Aided by the lurid sounds of a hammer dulcimer and the striking photographic and video images visible through a large wall resembling a bay window in the middle of the stage and an even larger screen behind it, the play features four actors – an older couple and a younger one – dramatically reading Berry’s words. The actors march in circles, dance, play violin, guitar and percussion and sing. The hammer dulcimer player also sings, but the music mostly provides the soothing backdrop for the words that indirectly weave (using only words from Berry’s pen) a narrative of a slightly mad farmer, out of place in the city who falls in love, returns to the fields, raises a family and fights to hold onto the simple, beautiful things in life like family, friends and God’s creation.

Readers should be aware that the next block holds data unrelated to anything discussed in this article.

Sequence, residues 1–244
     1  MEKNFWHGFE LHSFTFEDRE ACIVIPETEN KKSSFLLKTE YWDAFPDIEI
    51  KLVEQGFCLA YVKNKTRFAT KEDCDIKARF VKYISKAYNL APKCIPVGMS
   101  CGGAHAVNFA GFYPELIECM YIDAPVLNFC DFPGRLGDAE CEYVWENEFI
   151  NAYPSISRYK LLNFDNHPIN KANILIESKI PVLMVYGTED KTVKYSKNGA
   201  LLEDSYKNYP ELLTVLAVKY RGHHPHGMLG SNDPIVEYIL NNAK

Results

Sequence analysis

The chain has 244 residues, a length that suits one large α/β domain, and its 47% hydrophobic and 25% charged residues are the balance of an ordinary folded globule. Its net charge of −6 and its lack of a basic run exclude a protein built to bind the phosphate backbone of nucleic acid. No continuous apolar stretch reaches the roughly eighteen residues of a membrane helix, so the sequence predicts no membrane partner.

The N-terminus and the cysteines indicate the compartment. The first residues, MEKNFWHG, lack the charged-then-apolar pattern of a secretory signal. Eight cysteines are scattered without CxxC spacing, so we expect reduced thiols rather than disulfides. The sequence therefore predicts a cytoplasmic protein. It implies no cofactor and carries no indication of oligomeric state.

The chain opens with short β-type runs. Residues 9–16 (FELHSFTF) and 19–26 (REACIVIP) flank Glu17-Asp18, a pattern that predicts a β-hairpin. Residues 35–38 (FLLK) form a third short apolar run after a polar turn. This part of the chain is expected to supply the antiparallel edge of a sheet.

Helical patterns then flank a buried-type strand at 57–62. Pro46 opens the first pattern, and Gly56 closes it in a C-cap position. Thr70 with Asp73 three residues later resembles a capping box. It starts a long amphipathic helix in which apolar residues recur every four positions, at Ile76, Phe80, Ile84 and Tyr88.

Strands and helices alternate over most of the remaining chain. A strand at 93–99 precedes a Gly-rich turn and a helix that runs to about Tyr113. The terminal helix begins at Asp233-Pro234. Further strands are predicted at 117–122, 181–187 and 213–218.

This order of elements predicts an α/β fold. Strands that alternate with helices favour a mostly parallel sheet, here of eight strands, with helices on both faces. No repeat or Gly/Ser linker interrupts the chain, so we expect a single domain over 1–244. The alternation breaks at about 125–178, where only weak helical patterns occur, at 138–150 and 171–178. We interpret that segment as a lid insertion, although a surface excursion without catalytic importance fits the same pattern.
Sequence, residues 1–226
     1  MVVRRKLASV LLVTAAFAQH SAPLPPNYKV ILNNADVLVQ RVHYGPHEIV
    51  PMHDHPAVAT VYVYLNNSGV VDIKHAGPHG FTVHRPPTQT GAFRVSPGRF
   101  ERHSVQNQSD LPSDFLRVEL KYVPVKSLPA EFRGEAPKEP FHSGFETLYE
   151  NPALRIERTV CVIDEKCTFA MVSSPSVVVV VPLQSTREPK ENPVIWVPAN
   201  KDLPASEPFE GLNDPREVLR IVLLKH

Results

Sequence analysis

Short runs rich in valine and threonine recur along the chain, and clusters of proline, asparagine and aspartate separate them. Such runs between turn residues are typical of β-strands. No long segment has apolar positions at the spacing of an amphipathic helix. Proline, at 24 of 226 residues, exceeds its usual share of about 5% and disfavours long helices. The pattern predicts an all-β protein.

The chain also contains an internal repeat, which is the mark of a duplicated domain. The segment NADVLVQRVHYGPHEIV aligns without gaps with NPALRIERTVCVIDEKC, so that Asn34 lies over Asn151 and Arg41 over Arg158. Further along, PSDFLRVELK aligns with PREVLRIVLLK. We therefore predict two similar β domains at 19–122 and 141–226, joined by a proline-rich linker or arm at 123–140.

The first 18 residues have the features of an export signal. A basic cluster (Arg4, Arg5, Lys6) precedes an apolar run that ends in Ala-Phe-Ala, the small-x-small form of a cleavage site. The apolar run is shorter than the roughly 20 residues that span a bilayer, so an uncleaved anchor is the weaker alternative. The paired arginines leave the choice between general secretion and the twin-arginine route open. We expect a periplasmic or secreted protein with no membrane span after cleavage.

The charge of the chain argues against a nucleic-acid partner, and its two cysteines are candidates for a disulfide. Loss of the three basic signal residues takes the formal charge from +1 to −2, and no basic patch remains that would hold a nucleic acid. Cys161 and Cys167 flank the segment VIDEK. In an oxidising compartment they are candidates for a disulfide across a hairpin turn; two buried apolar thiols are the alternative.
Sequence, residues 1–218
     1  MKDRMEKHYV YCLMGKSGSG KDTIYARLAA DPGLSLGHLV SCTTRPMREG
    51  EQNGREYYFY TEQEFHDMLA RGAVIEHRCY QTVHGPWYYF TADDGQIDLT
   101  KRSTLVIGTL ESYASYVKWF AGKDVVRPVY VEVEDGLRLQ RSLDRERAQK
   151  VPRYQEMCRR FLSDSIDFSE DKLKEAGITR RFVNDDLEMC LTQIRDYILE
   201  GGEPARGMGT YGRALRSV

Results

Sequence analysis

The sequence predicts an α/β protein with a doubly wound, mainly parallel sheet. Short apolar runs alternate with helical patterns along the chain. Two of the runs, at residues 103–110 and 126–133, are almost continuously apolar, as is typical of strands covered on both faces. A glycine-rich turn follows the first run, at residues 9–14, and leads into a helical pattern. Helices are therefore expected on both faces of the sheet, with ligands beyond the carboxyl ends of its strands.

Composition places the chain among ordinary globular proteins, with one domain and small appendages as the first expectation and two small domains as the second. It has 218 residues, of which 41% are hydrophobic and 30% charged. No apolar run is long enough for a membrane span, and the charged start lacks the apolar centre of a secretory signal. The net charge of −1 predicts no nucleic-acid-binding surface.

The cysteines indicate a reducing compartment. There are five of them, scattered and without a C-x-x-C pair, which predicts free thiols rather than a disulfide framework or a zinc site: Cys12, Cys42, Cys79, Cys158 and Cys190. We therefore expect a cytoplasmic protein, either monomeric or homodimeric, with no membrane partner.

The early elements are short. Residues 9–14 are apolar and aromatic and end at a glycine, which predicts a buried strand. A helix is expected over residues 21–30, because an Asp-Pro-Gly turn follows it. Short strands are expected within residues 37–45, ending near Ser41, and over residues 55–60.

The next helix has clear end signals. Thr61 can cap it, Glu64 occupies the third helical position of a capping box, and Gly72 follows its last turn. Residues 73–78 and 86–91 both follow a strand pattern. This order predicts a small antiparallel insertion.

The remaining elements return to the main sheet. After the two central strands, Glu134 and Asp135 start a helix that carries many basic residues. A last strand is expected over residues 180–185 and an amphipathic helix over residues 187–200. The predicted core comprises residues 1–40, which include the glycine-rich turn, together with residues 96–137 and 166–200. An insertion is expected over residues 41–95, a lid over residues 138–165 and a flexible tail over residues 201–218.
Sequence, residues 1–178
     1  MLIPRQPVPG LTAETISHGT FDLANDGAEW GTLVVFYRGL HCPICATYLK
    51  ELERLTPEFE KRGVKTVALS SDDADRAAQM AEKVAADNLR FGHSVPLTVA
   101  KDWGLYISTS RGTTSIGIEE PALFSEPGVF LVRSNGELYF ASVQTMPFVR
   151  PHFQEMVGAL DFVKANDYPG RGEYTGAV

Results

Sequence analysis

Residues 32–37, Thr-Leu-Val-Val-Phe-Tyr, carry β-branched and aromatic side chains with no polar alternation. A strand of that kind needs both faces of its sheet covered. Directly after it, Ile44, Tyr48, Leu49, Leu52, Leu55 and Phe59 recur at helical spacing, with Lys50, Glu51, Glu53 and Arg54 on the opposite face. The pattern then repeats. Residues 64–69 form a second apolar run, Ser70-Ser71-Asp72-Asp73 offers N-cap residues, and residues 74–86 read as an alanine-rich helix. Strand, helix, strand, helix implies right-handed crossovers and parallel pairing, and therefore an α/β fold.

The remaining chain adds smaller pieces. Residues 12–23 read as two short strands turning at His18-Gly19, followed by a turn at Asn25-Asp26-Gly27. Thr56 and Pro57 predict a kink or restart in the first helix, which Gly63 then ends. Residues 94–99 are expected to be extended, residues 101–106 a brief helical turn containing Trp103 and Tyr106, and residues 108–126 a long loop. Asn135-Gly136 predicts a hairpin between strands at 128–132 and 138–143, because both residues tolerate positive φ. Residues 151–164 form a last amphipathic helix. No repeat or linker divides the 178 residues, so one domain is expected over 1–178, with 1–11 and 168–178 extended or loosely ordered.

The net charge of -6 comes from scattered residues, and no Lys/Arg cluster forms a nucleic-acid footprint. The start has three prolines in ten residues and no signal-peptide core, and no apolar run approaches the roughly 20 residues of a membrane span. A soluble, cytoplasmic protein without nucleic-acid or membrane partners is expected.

Following along, even for someone familiar with many of his works, was somewhat dizzying at times. Unlike reading the words on a page, the combination of stunning visuals, soothing music and dramatic acting gives little time for you to completely digest. Breaks in the action do occur and the topically connected transitions are generally well played (he titles of poems flash on the screen as the images change), but as the play inches intermission-less toward the finish it does make you wish you could hit pause or maybe rewind on a few of the scenes.